Net1 UEPS Technologies subsidiary, Cash Paymaster Services (CPS) is no longer under investigation by the Hawks over a R10 billion tender for the payment of social security grants‚ according to a report by I-Net Bridge.
CPS was awarded a R10 billion contract by the SA Social Security Agency (Sassa) in January 2012.
Hawks spokesman Capt Paul Ramaloko told I-Net Bridge that the criminal case against CPS was closed based on the Supreme Court of Appeal’s decision that the contract was not fraudulently awarded.
“The Hawks are currently not investigating this matter‚” he said.
Net1 had announced in December 2012 that the US Department of Justice was investigating whether it had violated provisions of the Foreign Corrupt Practices Act.
The agencies were also to investigate if Net1 had violated federal securities laws in connection with statements made in its SEC filings regarding the Sassa contract.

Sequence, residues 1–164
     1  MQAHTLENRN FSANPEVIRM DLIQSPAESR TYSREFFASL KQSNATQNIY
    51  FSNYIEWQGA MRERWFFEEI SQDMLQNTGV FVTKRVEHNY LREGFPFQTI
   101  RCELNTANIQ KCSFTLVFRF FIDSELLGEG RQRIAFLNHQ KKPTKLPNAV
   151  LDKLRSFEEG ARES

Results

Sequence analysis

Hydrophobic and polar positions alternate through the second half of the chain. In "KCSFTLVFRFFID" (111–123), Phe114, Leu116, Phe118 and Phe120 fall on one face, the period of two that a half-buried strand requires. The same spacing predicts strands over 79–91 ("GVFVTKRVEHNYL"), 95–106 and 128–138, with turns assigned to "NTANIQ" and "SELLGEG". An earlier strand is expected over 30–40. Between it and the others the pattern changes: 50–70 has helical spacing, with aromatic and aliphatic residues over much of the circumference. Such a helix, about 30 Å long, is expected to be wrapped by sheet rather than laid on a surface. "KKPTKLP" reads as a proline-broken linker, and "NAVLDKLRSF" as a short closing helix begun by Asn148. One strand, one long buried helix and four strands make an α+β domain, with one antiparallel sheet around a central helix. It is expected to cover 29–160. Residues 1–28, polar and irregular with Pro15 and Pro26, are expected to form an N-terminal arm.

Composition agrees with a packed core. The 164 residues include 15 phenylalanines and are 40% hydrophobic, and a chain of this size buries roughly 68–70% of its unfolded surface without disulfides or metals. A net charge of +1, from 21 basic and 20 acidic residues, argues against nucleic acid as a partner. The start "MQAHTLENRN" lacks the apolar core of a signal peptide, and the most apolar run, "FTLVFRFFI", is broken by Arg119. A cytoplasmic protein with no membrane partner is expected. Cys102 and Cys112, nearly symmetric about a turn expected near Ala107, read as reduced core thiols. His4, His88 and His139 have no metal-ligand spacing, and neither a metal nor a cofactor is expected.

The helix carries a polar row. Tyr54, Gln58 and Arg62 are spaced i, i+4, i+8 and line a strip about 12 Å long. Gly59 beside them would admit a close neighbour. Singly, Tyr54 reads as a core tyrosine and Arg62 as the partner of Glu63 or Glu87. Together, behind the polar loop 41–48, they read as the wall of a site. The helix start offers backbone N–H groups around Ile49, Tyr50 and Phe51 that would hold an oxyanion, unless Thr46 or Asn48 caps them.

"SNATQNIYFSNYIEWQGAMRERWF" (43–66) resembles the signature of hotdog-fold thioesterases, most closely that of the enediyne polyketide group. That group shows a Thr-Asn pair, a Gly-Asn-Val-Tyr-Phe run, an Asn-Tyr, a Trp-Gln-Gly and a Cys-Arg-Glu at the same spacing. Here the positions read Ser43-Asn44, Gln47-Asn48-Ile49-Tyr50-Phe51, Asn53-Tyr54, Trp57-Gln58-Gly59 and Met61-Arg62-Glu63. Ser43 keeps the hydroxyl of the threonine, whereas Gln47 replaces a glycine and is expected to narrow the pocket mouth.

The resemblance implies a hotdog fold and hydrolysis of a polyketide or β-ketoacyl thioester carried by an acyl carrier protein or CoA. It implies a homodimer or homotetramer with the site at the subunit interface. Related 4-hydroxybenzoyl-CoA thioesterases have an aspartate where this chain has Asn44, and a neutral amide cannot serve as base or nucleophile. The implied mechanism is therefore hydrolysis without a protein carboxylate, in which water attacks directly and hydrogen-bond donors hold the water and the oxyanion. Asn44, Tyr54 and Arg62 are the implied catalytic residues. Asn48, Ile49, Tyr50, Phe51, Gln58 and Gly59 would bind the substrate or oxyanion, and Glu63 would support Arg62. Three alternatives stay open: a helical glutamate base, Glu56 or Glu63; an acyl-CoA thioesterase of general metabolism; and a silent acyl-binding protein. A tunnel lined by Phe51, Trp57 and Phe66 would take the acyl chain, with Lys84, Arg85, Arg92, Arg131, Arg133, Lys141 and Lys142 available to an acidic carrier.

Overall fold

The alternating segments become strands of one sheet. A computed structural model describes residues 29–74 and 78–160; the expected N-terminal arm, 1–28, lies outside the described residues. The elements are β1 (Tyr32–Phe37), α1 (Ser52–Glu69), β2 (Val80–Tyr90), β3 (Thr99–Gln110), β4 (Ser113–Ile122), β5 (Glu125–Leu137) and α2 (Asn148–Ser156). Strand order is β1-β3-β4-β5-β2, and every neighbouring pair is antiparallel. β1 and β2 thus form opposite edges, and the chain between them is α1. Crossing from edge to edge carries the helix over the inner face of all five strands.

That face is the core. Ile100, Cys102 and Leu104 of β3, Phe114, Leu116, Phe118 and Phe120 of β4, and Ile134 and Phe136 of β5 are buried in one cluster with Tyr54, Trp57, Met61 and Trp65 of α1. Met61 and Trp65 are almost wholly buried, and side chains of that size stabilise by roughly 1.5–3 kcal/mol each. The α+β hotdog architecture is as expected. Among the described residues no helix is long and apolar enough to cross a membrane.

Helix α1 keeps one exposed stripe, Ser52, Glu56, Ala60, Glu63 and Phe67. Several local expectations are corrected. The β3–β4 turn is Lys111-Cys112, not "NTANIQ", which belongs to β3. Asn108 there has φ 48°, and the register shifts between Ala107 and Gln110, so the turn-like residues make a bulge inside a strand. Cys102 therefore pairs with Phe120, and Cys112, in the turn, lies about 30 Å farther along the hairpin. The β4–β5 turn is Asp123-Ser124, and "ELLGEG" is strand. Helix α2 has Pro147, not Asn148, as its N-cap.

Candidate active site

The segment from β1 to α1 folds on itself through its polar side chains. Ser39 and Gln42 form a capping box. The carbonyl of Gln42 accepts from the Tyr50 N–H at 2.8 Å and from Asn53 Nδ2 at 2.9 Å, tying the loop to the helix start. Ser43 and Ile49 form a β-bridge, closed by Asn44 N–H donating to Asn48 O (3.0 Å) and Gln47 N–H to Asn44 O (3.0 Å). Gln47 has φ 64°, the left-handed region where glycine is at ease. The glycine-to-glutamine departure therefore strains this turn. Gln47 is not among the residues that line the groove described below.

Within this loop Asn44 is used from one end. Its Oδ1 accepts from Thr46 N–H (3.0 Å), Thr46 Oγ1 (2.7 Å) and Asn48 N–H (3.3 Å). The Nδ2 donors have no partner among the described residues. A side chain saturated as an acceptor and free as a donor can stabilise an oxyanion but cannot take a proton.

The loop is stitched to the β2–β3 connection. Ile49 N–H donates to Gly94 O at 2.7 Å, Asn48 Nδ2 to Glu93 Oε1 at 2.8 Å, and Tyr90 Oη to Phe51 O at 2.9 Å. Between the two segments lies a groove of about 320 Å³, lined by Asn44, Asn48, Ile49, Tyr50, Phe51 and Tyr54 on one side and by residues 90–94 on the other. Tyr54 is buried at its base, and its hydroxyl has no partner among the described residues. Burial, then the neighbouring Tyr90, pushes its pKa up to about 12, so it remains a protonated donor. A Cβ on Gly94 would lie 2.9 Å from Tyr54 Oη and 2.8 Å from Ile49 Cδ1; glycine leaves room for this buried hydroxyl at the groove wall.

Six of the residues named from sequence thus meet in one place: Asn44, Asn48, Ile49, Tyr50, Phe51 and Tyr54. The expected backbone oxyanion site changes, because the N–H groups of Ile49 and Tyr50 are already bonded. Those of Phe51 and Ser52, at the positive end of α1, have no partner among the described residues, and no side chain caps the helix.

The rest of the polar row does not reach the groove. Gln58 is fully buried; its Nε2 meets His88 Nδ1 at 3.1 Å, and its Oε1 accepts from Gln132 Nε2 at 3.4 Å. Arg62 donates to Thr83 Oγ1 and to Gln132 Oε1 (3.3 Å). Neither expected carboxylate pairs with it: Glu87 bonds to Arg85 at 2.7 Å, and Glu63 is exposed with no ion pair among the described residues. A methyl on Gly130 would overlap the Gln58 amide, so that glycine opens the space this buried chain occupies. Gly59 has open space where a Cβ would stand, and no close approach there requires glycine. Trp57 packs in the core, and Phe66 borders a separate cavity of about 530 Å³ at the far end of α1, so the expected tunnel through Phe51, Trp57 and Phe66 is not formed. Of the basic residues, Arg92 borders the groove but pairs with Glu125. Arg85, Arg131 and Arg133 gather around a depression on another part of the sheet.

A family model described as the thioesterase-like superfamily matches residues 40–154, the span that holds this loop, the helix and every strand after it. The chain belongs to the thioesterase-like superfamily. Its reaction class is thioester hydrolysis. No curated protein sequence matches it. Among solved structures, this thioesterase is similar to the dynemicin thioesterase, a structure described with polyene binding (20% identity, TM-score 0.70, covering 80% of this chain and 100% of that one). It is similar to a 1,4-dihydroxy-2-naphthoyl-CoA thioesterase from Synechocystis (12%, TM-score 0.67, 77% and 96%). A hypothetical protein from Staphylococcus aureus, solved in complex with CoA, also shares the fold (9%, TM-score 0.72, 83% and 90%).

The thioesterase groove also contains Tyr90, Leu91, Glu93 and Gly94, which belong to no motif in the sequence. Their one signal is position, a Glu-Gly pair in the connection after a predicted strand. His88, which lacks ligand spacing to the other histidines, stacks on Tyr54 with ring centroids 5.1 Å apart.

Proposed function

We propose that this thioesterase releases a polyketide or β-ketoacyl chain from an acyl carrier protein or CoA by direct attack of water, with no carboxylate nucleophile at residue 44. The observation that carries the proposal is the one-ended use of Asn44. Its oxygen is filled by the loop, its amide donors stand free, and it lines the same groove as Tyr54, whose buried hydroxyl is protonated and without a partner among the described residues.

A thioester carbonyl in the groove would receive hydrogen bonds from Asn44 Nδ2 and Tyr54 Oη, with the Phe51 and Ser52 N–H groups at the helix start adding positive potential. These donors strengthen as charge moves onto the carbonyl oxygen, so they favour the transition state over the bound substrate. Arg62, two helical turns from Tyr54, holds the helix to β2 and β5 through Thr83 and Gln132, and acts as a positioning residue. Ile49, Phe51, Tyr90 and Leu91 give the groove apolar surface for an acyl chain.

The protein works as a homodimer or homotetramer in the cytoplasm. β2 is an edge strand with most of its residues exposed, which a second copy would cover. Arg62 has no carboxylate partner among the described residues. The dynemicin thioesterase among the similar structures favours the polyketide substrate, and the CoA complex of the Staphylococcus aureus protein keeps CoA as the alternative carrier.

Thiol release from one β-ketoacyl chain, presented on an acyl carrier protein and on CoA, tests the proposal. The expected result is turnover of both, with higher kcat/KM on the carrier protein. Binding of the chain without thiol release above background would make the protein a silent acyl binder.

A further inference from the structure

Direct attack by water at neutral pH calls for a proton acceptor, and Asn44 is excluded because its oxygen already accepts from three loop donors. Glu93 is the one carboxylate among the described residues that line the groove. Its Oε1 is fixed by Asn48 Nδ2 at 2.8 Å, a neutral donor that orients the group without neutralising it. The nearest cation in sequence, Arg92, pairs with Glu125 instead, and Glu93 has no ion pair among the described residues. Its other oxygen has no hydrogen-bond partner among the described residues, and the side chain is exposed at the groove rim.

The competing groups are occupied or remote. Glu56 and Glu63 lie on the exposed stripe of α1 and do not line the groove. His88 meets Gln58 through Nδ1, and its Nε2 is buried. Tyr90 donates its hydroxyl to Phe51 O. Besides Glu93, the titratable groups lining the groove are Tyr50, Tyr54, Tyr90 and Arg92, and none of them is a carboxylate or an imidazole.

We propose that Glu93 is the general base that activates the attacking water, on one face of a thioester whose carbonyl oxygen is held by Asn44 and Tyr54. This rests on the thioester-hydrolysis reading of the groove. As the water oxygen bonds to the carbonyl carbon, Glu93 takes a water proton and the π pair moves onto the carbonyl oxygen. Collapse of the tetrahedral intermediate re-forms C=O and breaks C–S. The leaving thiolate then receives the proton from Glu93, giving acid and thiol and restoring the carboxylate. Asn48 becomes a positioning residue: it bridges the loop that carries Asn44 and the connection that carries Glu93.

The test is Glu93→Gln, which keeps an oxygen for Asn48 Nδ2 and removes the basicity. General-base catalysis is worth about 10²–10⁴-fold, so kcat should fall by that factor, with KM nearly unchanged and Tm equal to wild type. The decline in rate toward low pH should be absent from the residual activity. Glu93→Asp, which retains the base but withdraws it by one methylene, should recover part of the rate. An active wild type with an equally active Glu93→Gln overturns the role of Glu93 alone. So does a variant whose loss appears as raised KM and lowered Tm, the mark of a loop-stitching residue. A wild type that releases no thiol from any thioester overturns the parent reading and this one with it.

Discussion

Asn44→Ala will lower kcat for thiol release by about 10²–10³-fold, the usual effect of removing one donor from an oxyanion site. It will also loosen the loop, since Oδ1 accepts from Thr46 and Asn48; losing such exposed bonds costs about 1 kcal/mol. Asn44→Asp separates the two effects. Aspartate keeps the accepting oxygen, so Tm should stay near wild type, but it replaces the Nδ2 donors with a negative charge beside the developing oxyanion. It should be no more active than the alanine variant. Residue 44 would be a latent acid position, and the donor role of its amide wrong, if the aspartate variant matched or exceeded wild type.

It also received a letter from the US Securities and Exchange Commission on an investigation initiated against it.
In August 2012, the North Gauteng High Court ruled that the tender process for the Sassa contract was improper, after AllPay voiced its concerns about the process.
At the end of March 2013, Net1 said that a full bench of the South African Supreme Court of Appeal unanimously ruled that the tender process followed by Sassa in awarding a contract to CPS was valid and legal.
In April, AllPay filed leave to appeal with the South African Constitutional Court against the judgment handed down in March.
Last month (30 July), in reporting interim results for the period June 2013, Absa said of AllPay: ”The business continues to be wound down following the loss of the social grant payment contract in early 2012.”
The bank declined to comment any further, noting that it is subject to the Constitutional Court appeal.
“AllPay has appealed the decision of the Supreme Court to uphold the awarding of the social grants contract to another party. This appeal is scheduled to be heard in the Constitutional Court in the second half of the year (September),” Absa said.